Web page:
Twitter to scrap suggested user list
Social-media site Twitter plans to scrap its hand-picked list of "suggested users" to follow after controversy erupted over the selection of people on the list, a company executive said Monday.
Twitter co-founder Biz Stone said the company was seeking a more systematic way to introduce its prominent posters, including sports figures, celebrities and politicians, to newcomers to the site.
"That list will be going away," Stone told reporters on the sidelines of a conference for young entrepreneurs in Malaysia's capital, Putrajaya. "In its stead will be something that is more programmatically chosen, something that actually delivers more relevant suggestions."
Twitter's list, which numbers around 500 suggested users, proved controversial after its launch earlier this year. Recently, political watchdogs in California criticized the list, claiming it favours Democrats over Republicans in the state's gubernatorial race next year.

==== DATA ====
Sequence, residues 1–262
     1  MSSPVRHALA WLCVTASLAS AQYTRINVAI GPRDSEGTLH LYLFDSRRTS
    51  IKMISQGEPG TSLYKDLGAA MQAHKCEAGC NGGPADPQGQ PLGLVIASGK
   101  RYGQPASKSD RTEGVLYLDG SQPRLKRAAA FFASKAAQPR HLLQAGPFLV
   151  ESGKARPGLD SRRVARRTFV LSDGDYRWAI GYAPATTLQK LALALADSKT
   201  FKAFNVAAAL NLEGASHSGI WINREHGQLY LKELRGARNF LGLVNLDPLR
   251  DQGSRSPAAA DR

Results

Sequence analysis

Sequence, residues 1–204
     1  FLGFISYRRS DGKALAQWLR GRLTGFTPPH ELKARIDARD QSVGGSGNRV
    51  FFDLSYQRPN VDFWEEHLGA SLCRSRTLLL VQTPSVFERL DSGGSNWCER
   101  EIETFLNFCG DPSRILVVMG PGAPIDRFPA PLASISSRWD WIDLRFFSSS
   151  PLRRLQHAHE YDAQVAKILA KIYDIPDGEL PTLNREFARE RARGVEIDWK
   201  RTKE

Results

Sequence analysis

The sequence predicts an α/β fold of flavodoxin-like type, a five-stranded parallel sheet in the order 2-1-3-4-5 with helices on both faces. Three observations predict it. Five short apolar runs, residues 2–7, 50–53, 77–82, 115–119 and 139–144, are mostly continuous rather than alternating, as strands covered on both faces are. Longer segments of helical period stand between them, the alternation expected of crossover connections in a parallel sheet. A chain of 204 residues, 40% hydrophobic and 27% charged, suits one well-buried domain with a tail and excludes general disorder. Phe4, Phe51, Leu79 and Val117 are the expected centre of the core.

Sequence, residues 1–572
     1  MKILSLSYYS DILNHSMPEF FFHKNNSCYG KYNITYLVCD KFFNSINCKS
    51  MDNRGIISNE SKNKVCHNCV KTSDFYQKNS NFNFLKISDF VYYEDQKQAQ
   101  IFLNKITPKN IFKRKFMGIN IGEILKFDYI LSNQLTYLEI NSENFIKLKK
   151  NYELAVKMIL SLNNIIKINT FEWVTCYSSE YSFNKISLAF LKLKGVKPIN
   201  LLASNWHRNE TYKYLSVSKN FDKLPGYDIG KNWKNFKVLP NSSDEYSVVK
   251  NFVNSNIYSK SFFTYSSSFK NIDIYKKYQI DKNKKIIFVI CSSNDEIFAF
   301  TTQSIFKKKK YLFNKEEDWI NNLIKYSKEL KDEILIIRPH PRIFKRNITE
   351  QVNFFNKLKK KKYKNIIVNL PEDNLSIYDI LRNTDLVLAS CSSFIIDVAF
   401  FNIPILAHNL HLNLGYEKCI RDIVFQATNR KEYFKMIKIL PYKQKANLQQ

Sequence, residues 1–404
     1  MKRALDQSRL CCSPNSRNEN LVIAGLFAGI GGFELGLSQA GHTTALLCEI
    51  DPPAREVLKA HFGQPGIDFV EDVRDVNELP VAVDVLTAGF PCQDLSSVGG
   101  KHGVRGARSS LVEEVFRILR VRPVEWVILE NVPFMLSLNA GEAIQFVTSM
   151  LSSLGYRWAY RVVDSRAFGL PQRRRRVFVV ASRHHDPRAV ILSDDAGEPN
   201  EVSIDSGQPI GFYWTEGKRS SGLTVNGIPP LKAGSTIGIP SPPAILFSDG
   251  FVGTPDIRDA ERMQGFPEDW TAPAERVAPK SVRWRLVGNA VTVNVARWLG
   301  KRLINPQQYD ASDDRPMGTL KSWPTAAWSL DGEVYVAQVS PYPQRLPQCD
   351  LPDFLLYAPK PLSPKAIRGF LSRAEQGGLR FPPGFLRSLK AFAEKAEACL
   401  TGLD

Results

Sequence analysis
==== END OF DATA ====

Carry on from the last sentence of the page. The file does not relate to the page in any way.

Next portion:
Stone and other company employees choose who will be featured on the list. Twitter has said the list is based on users "who show that they provide value by posting often and engaging with their followers."
Stone indicated the suggestions could eventually be tailored to new users' interests, though he did not elaborate. Nor did he say when the list would be removed or replaced.
Twitter plans to add other new features, including an easier, faster way to forward messages, and wants to be translated into more languages, Stone said. It is now available in English, Japanese and Spanish.
"Ninety-seven percent of our efforts are basically on delivering user value," he said. "Everyone is still experimenting. It's still young, it's still early. Anything goes right now as we figure out what works and what doesn't work."
The popularity of San Francisco-based Twitter, which allows users to post 140-character messages sharing everything from mundane details about their lives to major news, has soared. The number of users increased more than tenfold within a year, to 54 million currently.